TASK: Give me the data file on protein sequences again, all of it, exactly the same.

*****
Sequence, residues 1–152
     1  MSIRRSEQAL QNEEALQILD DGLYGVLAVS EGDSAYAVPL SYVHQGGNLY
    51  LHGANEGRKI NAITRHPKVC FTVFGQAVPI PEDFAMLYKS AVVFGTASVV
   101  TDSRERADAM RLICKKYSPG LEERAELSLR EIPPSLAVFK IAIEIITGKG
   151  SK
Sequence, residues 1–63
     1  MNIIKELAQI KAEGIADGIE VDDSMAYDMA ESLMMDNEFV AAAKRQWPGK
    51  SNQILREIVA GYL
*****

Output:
Sequence, residues 1–152
     1  MSIRRSEQAL QNEEALQILD DGLYGVLAVS EGDSAYAVPL SYVHQGGNLY
    51  LHGANEGRKI NAITRHPKVC FTVFGQAVPI PEDFAMLYKS AVVFGTASVV
   101  TDSRERADAM RLICKKYSPG LEERAELSLR EIPPSLAVFK IAIEIITGKG
   151  SK
Sequence, residues 1–63
     1  MNIIKELAQI KAEGIADGIE VDDSMAYDMA ESLMMDNEFV AAAKRQWPGK
    51  SNQILREIVA GYL